Bridge Jobs – Create Your Own Destiny

When I was on my own path of exploring where I wanted my career to go and what my ultimate path was going to be, I was working in a high-paying, high-stress, 50%+ travel, high-powered position. Yes, everything was high. It was the crowning jewel of my career up until that point and I had worked incredibly hard throughout the years to be in that high position with all of the benefits that comes along with it.

But when I started my soul searching, I could never make any real headway. I would plan my creative time around my “real job” demands, leaving very late nights and sometimes weekends, to buckle down and focus on creating what’s next, for me.

It needed to bridge the gap from where I was, to where I knew I was going – with a stable safety net along the way.

So I quit – but I needed real income and the stability of a traditional job to tide me over until “it” was ready. The only way I was able to do this was through finding a bridge job. For me, I was very strategic in my job hunt to be sure that I landed a job that met these needs:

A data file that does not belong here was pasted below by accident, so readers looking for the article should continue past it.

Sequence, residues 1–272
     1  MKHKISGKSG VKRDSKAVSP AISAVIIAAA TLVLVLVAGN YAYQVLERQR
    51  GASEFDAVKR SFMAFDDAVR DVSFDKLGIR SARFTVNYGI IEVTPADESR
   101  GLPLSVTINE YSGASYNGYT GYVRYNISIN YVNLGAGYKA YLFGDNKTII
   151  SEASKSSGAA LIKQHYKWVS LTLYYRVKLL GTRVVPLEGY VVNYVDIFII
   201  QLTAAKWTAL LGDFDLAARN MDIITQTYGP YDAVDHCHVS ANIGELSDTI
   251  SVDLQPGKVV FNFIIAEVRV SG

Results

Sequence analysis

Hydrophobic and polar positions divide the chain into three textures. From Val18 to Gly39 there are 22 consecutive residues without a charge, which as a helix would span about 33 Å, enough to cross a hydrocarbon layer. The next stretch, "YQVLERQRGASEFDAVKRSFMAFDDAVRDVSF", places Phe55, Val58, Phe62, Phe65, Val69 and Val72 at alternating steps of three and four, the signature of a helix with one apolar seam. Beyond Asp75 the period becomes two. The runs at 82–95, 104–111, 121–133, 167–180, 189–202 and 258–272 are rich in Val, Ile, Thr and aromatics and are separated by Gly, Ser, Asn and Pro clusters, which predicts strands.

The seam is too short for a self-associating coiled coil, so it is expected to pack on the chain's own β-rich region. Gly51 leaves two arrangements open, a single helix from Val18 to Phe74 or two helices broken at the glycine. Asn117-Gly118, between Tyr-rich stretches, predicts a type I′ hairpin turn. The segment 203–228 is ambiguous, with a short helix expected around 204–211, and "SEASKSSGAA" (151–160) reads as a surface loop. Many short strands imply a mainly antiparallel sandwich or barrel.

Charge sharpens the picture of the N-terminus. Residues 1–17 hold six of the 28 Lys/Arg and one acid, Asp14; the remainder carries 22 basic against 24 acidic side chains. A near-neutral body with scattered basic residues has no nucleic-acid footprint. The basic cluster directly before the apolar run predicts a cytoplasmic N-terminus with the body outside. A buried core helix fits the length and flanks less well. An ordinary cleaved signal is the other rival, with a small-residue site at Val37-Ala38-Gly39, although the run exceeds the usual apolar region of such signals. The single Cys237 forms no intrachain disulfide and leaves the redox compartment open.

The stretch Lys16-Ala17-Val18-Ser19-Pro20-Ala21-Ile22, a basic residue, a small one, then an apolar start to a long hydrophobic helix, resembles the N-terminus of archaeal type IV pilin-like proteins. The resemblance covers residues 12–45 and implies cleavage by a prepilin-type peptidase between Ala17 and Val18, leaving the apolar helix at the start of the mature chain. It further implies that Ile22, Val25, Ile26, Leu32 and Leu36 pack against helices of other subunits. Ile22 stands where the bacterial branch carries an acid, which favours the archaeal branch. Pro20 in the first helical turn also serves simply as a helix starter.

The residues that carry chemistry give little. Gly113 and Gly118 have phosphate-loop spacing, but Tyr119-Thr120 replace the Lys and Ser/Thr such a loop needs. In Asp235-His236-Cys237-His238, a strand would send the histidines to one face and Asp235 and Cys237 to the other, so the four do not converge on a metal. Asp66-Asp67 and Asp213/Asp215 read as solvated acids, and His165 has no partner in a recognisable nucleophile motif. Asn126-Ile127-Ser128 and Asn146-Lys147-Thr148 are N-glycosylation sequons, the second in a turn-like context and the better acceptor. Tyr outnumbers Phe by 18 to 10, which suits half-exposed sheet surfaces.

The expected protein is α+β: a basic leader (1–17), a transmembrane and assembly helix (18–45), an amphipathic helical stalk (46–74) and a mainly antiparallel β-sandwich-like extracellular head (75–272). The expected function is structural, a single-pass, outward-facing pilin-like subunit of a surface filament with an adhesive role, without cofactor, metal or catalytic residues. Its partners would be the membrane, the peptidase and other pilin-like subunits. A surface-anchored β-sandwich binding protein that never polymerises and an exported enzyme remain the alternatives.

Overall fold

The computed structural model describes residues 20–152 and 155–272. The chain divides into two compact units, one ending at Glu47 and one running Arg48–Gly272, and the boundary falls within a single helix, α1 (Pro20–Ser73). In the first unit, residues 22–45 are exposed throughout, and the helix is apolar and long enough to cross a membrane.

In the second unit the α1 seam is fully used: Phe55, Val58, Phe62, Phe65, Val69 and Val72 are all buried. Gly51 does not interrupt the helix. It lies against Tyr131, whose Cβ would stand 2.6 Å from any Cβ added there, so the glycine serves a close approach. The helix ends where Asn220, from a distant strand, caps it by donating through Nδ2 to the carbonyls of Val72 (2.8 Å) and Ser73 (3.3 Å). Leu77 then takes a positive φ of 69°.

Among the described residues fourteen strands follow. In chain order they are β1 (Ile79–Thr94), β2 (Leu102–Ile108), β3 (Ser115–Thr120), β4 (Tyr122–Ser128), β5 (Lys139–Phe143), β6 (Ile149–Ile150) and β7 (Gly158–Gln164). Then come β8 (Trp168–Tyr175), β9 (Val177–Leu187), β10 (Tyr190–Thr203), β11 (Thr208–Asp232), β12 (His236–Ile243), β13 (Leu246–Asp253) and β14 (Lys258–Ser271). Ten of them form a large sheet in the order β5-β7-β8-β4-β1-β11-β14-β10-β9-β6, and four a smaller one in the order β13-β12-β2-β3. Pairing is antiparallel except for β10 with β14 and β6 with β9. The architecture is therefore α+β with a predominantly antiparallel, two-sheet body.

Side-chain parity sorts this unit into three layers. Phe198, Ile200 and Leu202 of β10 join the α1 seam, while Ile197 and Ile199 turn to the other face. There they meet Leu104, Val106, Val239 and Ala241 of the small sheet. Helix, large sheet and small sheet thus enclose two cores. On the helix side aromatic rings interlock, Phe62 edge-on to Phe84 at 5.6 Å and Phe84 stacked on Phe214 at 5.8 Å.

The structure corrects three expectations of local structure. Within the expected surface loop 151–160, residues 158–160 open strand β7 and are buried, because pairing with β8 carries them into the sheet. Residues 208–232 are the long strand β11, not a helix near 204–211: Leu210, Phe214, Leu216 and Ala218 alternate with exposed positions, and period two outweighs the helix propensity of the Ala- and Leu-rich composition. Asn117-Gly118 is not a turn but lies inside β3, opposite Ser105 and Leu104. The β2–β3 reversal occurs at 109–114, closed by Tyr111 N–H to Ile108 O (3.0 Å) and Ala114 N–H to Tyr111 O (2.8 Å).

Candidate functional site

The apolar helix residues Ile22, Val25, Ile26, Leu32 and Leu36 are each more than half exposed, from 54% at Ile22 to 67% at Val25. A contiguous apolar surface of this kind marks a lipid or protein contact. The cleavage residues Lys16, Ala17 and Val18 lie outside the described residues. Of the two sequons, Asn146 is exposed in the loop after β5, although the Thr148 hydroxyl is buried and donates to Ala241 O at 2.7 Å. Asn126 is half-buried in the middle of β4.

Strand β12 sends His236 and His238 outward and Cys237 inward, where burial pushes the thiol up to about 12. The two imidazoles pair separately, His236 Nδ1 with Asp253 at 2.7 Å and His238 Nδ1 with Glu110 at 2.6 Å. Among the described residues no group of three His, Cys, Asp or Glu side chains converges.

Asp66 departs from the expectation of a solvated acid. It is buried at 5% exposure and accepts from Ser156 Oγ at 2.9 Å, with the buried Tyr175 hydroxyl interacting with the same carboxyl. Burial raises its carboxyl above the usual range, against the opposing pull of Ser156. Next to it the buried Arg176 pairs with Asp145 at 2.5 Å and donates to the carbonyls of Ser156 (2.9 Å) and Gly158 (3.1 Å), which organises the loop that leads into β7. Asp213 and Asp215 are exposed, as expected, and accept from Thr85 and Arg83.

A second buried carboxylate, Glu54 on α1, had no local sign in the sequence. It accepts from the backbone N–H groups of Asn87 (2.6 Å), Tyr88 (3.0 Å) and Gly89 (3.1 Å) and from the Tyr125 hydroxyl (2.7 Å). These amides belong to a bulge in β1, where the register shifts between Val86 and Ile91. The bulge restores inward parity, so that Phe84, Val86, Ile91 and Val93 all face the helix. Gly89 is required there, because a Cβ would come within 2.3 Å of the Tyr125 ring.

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Hire a Coach or Chat with Your Friends?

The other night a new acquaintance asked me what I did for a living, and continued to wonder why anyone would need a coach if they had supportive friends like she did. For those of us whose lives have been touched, guided or changed by a coach, that question is jaw-dropping. And then I realized, not everyone has yet had the privilege to work with a coach so the distinction is quite vast… Here is how the rest of our conversation went.

What’s the Difference between a Coach and Your Friends?

Having supportive friends is absolutely paramount to success of any kind, but they are your friends. They have your best interests at heart, they want you to succeed, and will most likely not be willing to openly or eagerly share bad news with you. For me, the most significant value a coach brings to the table is that they are an “innocent third party bystander.” Their independence from knowing you intimately, your unique situation, all of the politics and drama, allows them to help you find the best results FOR YOU – without navigating through the superfluous BS or expectations. They are there for YOU to succeed, and only you – they are completely independent.